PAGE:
Question: “If other people are vaccinated, and you’re so sure that vaccinations work, why do you care if I vaccinate my kids? Isn’t it my choice?”
Dr. LaSalle: As we’ve learned with the novel Coronavirus Pandemic, we are all in this together. My actions impact your risk and vice versa. If we all take steps to keep each other safe, we will fare better as a society and can significantly reduce the amount of illness and death that we suffer as a people.
We don’t have a vaccine for SARS-CoV-2 virus yet, but the same holds true, even for illnesses that we DO have vaccines to protect against. Most of our vaccines are highly effective but NONE of our vaccines are 100% effective. The measles vaccine, for example, is about 97% effective after two doses, which is really good. But, some people will not develop an adequate immune response after vaccination. And some people, for reasons of age, allergy to components of the vaccine, or immune compromise, cannot get this immunization, which is a live-attenuated vaccine.
Measles is SO contagious, with on person being able to infect up to 18 others, that we are all at increased risk of contracting the virus and developing complications of the illness, if the large majority of us (at least 95% of us) aren’t immunized.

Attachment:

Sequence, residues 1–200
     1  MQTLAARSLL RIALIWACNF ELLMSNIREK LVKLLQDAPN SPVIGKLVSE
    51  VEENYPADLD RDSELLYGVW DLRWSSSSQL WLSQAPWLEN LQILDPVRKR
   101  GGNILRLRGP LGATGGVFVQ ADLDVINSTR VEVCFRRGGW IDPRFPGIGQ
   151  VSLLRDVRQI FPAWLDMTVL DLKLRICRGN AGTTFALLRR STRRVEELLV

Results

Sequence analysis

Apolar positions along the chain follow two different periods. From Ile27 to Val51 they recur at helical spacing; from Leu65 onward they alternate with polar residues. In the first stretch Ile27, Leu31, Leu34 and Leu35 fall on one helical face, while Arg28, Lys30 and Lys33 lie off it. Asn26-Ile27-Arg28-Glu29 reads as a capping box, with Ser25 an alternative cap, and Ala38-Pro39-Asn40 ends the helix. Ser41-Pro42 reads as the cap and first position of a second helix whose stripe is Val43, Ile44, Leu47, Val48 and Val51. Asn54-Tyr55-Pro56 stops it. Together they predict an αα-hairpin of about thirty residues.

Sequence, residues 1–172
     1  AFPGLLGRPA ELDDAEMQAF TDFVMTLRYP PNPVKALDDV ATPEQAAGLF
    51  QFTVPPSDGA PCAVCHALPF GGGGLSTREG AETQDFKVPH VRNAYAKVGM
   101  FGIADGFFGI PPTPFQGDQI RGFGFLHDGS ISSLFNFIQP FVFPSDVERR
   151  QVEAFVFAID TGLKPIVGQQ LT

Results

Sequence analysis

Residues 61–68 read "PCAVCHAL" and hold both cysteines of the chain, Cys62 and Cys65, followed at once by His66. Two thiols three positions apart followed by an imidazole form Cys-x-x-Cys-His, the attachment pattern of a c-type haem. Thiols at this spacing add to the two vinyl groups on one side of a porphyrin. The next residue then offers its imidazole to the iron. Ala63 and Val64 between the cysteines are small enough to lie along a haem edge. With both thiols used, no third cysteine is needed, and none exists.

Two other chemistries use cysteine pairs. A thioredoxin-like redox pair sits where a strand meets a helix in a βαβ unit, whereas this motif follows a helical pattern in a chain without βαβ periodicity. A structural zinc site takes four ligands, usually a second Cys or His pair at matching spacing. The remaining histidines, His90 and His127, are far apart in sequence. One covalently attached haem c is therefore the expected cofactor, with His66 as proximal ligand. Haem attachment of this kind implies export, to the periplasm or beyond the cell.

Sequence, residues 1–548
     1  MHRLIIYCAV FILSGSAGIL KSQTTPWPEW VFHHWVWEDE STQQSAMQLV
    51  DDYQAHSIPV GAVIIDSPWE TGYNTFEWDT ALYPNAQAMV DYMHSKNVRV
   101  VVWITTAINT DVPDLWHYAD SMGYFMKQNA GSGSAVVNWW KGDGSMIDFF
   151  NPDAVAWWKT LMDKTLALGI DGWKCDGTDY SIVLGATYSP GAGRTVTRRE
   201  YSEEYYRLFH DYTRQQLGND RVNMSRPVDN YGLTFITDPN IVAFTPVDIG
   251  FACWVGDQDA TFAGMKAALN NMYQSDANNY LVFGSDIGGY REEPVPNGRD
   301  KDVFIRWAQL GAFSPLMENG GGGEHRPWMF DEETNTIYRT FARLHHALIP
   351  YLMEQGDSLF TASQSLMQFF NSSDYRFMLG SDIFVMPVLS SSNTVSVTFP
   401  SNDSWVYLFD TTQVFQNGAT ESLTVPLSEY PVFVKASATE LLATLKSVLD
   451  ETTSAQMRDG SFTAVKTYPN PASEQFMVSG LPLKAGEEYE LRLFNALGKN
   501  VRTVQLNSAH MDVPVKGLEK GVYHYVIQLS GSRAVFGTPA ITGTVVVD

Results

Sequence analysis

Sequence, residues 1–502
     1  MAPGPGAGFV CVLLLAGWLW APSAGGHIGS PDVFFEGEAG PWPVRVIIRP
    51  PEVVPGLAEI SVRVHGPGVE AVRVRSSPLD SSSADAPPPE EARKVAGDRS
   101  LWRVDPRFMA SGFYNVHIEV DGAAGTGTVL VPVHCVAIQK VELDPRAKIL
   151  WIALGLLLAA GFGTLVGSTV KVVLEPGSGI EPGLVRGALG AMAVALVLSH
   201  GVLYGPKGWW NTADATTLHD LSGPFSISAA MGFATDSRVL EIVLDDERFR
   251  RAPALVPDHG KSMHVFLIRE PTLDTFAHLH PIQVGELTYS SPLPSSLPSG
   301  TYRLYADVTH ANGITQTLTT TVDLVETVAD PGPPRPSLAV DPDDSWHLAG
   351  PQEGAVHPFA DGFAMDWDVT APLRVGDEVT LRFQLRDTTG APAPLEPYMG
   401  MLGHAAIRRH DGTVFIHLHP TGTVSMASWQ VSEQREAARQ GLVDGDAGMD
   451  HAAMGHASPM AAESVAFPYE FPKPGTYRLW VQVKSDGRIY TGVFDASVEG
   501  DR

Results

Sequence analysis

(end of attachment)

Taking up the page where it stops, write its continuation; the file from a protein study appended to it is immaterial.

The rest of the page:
This is what we saw in 2018 and 2019 when immunization rates in certain communities and geographic areas dropped below that 95% threshold level. Measles made a roaring comeback.
The protection of those who can’t be vaccinated by vaccinating those of us who can, is called Herd Immunity or Community Immunity. Essentially, we are creating a bubble of protection around those who are at risk, so that the virus can’t get to them. But if the community doesn’t vaccinate to an adequate degree, those kids with leukemia and pregnant women and newborn babies, for example, are at high risk of contracting and dying from these vaccine-preventable diseases.